Thursday, December 27, 2007

It’s a Bird! It’s Tinker Bell! It’sThree Galaxies!

There once was a galaxy known as ESO 593-IG 008. It was thought to be a relatively mild-mannered galaxy, even though scientists believed it was a collision of two different galaxies; one a barred spiral and the other an irregular galaxy. But now, an international team of astronomers has discovered that it actually is a stunning rare case of three interacting galaxies, with the third galaxy forming stars at a frantic rate.
Using adaptive optics on the European Southern Observatory’s (ESO) Very Large Telescope (VLT), astronomers were able to see through the all-pervasive dust clouds of the object that has been dubbed as “The Bird“ because of its resemblance to a winged creature. With the adaptive optics of what’s called the NACO instrument, very fine details were able to be resolved
"Examples of mergers of three galaxies of roughly similar sizes are rare," says Petri Väisänen, lead author of the paper which will appear in the journal of the Royal Astronomical Society. "Only the near-infrared VLT observations made it possible to identify the triple merger nature of the system in this case."

NACO is the combination of NAOS - Nasmyth Adaptive Optics System that is equipped with both visible and infrared sensors, and CONICA, a Near-Infrared Imager and Spectrograph

Looking like a bird or a cosmic Tinker Bell, the NACO images show two unmistakable galaxies that form the body and wings of “The Bird.” Astronomers were surprised with the new images that identify a third, clearly separate component that forms the head. This irregular, yet fairly massive galaxy is forming stars violently, at a rate of nearly 200 solar masses per year. It appears to be the major source of infrared luminosity in the system, even though it is the smallest of the three galaxies. The other two galaxies appear to be at a quieter stage of their interaction-induced star formation history. The object is 650 million light years distant but it is quite large with the ‘wings’ alone extending more than 100,000 light-years, or the size of our own Milky Way.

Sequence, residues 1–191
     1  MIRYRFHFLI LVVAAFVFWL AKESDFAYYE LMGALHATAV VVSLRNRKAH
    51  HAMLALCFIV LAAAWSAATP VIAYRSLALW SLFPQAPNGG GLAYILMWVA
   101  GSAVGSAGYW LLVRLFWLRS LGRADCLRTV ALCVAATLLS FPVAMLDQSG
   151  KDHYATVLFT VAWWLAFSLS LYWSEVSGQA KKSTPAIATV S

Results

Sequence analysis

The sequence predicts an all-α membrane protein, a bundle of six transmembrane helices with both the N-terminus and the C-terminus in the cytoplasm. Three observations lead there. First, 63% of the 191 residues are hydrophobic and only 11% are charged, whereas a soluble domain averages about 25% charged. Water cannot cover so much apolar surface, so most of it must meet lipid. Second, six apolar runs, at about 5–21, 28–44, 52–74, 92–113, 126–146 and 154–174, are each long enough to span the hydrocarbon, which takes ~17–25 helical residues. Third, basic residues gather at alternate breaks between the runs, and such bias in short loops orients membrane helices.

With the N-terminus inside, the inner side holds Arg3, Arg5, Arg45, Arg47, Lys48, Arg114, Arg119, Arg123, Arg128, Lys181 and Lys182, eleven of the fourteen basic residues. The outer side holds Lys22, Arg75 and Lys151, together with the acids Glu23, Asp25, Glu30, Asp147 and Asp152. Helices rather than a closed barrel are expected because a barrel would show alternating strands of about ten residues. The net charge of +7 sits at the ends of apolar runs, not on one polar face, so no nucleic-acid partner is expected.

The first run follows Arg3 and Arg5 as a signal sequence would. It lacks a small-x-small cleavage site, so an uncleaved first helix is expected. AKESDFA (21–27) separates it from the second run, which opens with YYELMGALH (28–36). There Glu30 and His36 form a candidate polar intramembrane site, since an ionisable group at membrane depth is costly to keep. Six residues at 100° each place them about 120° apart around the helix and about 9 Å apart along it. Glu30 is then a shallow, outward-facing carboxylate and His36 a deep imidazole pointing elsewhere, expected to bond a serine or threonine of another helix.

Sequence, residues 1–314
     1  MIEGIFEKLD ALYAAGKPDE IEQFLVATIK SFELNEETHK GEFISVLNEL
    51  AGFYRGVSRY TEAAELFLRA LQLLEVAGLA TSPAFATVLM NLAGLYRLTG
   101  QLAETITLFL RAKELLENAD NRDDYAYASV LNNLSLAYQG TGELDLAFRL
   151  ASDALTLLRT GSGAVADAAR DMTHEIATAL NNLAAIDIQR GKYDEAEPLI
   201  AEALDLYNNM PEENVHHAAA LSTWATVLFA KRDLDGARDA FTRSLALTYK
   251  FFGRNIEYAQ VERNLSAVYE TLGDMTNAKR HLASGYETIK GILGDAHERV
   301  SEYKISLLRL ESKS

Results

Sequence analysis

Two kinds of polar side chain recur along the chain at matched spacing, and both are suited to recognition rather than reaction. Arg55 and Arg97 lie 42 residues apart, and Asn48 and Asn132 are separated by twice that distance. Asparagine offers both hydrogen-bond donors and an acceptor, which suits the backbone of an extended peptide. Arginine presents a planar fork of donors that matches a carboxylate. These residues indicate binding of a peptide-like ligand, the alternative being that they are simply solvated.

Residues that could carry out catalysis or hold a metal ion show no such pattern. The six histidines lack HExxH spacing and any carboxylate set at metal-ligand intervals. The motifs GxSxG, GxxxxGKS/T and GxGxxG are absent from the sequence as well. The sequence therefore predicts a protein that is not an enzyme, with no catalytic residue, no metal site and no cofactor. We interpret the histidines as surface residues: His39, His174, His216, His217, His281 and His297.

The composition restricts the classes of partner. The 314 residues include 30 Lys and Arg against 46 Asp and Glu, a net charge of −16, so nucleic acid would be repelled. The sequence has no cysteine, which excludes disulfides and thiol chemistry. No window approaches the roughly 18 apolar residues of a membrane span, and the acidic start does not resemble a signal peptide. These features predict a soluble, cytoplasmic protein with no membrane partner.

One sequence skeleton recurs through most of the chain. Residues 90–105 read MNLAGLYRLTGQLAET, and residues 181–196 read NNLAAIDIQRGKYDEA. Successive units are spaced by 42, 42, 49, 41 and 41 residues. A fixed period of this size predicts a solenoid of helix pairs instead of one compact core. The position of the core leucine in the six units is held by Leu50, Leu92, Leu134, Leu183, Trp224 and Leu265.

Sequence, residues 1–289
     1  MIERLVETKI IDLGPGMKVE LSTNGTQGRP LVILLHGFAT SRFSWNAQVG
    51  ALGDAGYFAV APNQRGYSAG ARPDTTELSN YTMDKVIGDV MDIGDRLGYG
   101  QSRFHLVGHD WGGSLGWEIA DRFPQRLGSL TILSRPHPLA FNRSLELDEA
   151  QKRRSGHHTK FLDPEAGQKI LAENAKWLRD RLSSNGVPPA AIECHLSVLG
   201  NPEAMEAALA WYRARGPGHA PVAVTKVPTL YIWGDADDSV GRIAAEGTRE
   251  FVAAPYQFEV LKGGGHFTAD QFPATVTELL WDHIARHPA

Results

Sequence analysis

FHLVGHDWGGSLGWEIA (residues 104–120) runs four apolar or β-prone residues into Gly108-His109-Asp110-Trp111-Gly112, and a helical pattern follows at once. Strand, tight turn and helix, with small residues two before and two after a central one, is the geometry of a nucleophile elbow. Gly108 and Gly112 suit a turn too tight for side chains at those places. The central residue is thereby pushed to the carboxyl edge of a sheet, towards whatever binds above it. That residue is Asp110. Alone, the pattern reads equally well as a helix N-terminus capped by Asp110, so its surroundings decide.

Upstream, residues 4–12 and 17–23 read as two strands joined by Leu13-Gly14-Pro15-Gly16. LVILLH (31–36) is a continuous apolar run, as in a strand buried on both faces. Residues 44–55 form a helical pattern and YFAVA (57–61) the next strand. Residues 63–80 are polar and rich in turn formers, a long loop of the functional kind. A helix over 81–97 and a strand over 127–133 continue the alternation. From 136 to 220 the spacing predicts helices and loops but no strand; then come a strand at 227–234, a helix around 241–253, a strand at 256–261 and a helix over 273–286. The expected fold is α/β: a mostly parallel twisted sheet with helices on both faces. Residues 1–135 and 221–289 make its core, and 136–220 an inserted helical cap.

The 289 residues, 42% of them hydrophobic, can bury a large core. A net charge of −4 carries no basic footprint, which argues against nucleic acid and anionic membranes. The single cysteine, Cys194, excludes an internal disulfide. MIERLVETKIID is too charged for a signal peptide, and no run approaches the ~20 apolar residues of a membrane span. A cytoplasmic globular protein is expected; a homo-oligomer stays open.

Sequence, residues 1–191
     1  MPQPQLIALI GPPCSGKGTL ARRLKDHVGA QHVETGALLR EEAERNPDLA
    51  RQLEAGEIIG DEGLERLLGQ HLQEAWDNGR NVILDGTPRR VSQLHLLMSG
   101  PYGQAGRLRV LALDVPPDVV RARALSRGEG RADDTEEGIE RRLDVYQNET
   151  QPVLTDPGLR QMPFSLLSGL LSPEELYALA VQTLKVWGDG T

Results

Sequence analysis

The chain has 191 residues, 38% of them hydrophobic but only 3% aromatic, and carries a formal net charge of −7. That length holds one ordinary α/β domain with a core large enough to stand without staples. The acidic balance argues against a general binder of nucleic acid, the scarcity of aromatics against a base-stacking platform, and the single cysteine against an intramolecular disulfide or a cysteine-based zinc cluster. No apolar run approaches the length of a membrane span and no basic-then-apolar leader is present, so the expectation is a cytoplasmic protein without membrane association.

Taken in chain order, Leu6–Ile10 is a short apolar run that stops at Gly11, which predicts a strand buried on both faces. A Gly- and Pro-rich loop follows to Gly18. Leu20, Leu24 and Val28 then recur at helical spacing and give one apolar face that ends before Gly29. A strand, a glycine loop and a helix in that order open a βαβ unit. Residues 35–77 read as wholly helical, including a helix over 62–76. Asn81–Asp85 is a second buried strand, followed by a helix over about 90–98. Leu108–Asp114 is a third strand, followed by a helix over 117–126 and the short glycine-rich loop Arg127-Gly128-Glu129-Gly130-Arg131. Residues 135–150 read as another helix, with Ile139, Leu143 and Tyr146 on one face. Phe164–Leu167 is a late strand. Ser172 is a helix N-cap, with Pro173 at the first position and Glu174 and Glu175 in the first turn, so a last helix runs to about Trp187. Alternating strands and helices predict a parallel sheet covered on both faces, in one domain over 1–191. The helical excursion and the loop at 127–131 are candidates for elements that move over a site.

Subsequent optical spectroscopy with the new Southern African Large Telescope, and archive mid-infrared data from the NASA Spitzer space observatory, confirmed the separate nature of the 'head', but also added further surprises. The 'head' and major parts of the 'Bird' are moving apart at more than 400 km/s (1.4 million km/h!). Observing such high velocities is very rare in merging galaxies.
"The Bird" belongs to the prestigious family of luminous infrared galaxies, with an infrared luminosity nearly one thousand billion times that of the Sun. This family of galaxies has long been thought to signpost important events in galaxy evolution, such as mergers of galaxies, which in turn trigger bursts of star formation, and may eventually lead to the formation of a single elliptical galaxy.

The galaxy is also designated as IRAS 19115-2124. The ESO is more formally known as the European Organization for Astronomical Research in the Southern Hemisphere.This article is written by Nancy Atkinson and the Original News Source: ESO Press Release:



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